In Vivo Functional Mapping of a Cortical Column at Single-Neuron Resolution

Carsten H. Tischbirek, Takahiro Noda, Manabu Tohmi, Antje Birkner, Israel Nelken, Arthur Konnerth*

*Corresponding author for this work

Research output: Contribution to journalArticlepeer-review

31 Scopus citations


The cerebral cortex is organized in vertical columns that contain neurons with similar functions. The cellular micro-architecture of such columns is an essential determinant of brain dynamics and cortical information processing. However, a detailed understanding of columns is incomplete, even in the best studied cortical regions, and mostly restricted to the upper cortical layers. Here, we developed a two-photon Ca 2+ -imaging-based method for the serial functional mapping of all pyramidal layers of the mouse primary auditory cortex at single-neuron resolution in individual animals. We demonstrate that the best frequency-responsive neurons are organized in all-layers-crossing narrow columns, with fuzzy boundaries and a bandwidth of about one octave. This micro-architecture is, in many ways, different from what has been reported before, indicating the region and stimulus specificity of functional cortical columns in vivo. Tischbirek et al. report a two-photon Ca 2+ -imaging-based approach to map sensory-evoked neuronal activity from L2/3 to L6 of mouse cortex. In the primary auditory cortex, the authors identify functional microcolumns at cellular resolution that bring together large-scale tonotopy and locally heterogeneous frequency responses throughout all cortical layers.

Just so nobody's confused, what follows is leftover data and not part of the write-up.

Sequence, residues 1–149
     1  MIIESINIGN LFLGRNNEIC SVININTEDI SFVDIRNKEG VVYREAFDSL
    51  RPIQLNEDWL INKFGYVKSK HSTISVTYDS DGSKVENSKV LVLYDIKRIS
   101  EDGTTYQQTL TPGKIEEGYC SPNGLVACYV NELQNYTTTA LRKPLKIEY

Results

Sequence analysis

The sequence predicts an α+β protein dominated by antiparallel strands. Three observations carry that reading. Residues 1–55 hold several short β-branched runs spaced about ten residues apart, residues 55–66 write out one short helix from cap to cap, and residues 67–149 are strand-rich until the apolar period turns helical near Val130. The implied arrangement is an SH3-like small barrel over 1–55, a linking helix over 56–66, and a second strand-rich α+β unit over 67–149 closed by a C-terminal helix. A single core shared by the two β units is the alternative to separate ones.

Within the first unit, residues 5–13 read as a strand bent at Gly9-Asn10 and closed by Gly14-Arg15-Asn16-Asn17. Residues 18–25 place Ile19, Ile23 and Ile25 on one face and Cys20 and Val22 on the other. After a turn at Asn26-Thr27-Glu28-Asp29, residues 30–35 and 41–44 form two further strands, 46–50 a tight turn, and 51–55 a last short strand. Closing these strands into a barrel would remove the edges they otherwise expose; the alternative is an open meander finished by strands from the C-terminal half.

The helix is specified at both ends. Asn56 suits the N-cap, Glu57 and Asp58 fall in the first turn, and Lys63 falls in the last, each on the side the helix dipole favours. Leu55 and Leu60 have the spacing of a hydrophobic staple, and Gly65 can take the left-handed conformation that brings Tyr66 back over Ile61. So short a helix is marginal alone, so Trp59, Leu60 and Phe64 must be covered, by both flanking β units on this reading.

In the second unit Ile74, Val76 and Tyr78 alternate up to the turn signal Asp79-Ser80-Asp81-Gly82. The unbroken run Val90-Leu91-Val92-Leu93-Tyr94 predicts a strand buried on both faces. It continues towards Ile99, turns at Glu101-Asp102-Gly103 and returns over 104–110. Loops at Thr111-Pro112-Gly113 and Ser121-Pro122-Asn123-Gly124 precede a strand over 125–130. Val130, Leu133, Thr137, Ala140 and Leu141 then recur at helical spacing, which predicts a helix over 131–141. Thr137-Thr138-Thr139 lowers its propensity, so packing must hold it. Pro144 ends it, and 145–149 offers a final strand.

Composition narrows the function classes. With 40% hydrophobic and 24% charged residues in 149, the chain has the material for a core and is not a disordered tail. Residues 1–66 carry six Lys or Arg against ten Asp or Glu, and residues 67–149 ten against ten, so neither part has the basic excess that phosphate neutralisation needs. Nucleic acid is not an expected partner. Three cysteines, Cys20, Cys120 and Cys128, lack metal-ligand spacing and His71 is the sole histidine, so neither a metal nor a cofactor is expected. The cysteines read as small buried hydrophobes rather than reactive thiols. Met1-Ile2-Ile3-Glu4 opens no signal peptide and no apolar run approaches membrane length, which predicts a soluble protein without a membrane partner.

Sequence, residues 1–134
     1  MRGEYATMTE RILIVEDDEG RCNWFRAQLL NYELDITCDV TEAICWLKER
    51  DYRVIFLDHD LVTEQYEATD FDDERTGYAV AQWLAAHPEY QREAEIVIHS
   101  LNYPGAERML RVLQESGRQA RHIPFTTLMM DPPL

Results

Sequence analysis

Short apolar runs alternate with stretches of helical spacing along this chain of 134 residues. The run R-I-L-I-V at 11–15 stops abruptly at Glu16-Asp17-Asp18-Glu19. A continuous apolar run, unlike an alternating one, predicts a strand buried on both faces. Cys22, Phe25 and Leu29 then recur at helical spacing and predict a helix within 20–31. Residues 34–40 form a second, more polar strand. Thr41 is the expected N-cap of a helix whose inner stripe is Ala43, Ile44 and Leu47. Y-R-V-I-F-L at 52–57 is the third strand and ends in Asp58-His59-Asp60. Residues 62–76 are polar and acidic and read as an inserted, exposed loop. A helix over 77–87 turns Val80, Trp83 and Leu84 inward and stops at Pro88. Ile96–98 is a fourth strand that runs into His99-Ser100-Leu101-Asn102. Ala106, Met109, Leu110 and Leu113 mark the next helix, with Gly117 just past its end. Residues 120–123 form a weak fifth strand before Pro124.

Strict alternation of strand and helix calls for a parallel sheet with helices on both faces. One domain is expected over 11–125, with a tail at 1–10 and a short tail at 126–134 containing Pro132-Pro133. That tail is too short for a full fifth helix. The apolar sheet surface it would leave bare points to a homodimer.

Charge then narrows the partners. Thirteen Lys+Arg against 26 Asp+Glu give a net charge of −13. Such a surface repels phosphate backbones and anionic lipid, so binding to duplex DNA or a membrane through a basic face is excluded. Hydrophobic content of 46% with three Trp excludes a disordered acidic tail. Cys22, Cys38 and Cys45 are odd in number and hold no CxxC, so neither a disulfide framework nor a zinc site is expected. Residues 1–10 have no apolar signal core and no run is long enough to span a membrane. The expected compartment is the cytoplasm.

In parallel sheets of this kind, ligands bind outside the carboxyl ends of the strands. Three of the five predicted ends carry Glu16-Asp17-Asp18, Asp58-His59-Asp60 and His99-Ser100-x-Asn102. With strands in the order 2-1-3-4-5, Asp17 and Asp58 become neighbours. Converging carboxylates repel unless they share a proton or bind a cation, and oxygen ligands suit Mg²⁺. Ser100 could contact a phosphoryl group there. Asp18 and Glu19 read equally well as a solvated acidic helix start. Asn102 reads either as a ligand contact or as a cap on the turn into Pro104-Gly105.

Original languageAmerican English
Pages (from-to)1319-1326.e5
JournalCell Reports
Issue number5
StatePublished - 30 Apr 2019

Bibliographical note

Publisher Copyright:
© 2019 The Authors


  • calcium imaging
  • cellular micro-architecture
  • cortical column
  • cortical layers
  • mouse auditory cortex
  • tonotopy
  • two-photon microscopy


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